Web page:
Whilst we cannot statistically measure the increase of veganism in South Africa, it definitely has become evident that more and more people are turning to this way of living. In a survey done by The Vegan Society last year, it showed that Great Britain had seen a 360 % increase in veganism over the last decade.


Switching to a vegan lifestyle comes with a lot of questions and concerns. To help you with this, we’ve put together some information that can make this transition a little easier for you.


Where To Start?

Eating a vegan diet can be a healthy way to eat when your meals are full of vegetables, fruits, legumes and whole grains. You need a well-planned vegan diet to make sure you don’t miss out on essential nutrients or end up eating only processed vegan foods.


Make Vegetables the Stars of Your Meals. People often get hung up on what they can’t have on a plant-based diet, instead of what they can. But a great meal does not have to centre on meat. Veggie-packed meals are a winning choice all-around: veggies are full of vitamins (like A and K) and minerals (like potassium), they keep your calories in check and, because they are high in fibre, they can help you feel more satisfied.


Choose Whole Grains. Swapping out refined grains, such as white pasta and white bread, for whole grains, such as brown rice and quinoa, adds iron and B vitamins to a vegan diet (nutrients that are stripped out when the grains are refined). And, the extra fibre from whole grains will help keep you full and may even help you lose weight.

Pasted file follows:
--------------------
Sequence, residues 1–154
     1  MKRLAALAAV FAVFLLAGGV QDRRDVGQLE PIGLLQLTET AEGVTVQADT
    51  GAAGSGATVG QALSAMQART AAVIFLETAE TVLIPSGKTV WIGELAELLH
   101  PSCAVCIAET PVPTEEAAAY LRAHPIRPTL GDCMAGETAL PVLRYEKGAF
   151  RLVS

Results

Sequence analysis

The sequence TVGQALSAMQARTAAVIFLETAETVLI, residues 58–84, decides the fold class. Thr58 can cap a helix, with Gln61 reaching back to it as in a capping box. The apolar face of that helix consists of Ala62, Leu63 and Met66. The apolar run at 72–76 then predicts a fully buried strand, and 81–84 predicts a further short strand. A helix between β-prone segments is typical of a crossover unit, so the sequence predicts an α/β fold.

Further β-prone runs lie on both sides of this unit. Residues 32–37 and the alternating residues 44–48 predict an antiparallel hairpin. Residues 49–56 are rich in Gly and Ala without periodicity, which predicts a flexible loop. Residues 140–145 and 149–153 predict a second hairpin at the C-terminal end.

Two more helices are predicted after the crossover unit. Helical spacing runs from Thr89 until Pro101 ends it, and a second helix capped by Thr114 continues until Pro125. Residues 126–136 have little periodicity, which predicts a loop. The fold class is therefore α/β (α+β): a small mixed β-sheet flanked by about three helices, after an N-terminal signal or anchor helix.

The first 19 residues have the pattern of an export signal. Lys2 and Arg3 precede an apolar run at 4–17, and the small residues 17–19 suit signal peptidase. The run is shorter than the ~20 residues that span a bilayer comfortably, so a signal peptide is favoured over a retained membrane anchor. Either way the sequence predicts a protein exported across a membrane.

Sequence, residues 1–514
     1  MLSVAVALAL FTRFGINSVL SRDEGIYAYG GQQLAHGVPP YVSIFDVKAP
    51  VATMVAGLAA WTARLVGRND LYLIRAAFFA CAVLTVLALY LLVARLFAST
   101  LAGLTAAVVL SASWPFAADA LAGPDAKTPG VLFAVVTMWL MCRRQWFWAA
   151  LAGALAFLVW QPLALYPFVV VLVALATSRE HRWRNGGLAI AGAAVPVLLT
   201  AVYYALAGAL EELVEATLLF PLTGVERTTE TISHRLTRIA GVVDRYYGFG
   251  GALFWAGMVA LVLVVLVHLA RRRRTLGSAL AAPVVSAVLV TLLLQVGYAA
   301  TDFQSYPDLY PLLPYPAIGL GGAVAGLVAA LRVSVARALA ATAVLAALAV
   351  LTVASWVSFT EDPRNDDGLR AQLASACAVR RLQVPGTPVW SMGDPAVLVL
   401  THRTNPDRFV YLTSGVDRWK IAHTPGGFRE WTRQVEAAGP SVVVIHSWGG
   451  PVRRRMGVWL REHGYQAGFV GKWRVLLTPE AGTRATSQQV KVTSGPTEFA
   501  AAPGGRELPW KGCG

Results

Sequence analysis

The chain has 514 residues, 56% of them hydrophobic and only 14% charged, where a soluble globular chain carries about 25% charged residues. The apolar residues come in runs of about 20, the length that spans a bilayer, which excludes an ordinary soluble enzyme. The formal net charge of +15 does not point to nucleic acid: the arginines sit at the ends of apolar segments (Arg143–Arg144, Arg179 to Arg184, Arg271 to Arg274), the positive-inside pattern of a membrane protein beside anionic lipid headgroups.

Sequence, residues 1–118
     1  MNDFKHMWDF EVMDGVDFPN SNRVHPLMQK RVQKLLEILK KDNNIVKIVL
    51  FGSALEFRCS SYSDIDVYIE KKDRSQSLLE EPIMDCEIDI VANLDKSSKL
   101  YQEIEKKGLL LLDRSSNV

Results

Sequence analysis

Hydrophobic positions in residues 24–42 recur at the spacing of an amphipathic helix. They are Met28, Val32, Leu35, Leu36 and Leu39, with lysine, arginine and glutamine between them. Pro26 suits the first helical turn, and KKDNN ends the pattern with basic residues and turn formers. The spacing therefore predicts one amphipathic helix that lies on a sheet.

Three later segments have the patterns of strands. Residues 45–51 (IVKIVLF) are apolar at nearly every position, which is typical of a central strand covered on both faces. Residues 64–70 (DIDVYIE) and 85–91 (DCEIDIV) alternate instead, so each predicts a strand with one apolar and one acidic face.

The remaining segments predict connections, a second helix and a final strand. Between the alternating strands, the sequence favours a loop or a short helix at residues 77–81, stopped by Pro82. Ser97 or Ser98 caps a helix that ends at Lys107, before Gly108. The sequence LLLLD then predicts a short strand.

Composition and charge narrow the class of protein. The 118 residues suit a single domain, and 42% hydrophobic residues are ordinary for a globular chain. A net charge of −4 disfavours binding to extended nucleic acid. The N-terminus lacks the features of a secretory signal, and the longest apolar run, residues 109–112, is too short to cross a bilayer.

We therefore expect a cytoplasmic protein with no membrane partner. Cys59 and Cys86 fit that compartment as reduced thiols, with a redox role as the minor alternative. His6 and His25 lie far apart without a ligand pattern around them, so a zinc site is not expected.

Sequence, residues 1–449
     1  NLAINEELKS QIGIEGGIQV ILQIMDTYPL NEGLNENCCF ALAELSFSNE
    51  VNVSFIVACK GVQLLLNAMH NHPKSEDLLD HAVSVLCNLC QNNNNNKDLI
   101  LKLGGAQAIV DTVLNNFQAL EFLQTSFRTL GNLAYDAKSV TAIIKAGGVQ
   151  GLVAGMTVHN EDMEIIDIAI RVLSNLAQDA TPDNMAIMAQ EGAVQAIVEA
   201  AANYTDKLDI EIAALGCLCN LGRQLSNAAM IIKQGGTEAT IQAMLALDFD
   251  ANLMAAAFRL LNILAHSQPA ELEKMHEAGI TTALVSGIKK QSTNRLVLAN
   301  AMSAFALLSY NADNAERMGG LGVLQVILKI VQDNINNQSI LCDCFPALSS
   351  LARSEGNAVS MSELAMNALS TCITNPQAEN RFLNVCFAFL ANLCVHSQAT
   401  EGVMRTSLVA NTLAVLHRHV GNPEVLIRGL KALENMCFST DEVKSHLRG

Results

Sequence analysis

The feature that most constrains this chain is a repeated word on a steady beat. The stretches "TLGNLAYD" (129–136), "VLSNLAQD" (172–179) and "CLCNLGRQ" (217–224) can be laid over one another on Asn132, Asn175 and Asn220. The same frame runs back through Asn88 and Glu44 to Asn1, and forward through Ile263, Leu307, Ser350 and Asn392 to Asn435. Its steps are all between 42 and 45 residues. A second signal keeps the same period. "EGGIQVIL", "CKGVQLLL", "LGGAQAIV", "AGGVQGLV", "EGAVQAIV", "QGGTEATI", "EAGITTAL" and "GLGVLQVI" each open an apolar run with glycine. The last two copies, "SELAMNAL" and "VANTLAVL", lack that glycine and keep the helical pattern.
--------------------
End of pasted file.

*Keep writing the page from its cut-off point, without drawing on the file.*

What Are The Differences Between Vegans and Vegetarians?

Chances are you understand vegetarians, and there is a pretty good chance you know a few people who eat this way.


Vegans follow a stricter diet than vegetarians. They don’t eat meat, fish, poultry or any other animal products and by-products, such as eggs, dairy products and honey.


Are There True Health Benefits To Veganism?

A plant-based diet consists of more than just fresh fruits and vegetables – Whole grains, beans, legumes, nuts, and seeds also make up a substantial portion of this way of eating. Vegans rely heavily on all of these staples to receive all of their vitamins, minerals, and phytochemicals.


Vegans eat a significant amount of these healthy foods, so they have more access to vitamins B1, C, E, folic acid, magnesium, and iron. At the same time, their diets are low in cholesterol and saturated fats that can lead to adverse health consequences.


A plant-based vegan diet reduces many conditions that Westerners regularly experience such as:

  • Cardiovascular disease
  • Ischemic heart disease
  • Type 2 diabetes
  • Hypertension
  • Stroke
  • Obesity
  • Certain Cancers


Why No Dairy?

All vegans (or at least true vegans) abstain from consuming dairy products. Some do so for nutritional reasons; others abstain for ethical reasons.

Those who do it for nutritional reasons cite a range of health problems related to the consumption of dairy products, including high cholesterol. Many also have a problem digesting lactose or have a blood-iron or diabetic problem related to the milk protein, casein. In addition to this, milk and cheese often contain small portions of undesirable hormones that are added to dairy cow feeds to increase production.

Those who abstain from consuming dairy products for ethical reasons also have a range of reasons for doing so. Some cite the poor treatment of dairy cows as the main reason for not consuming milk and cheese.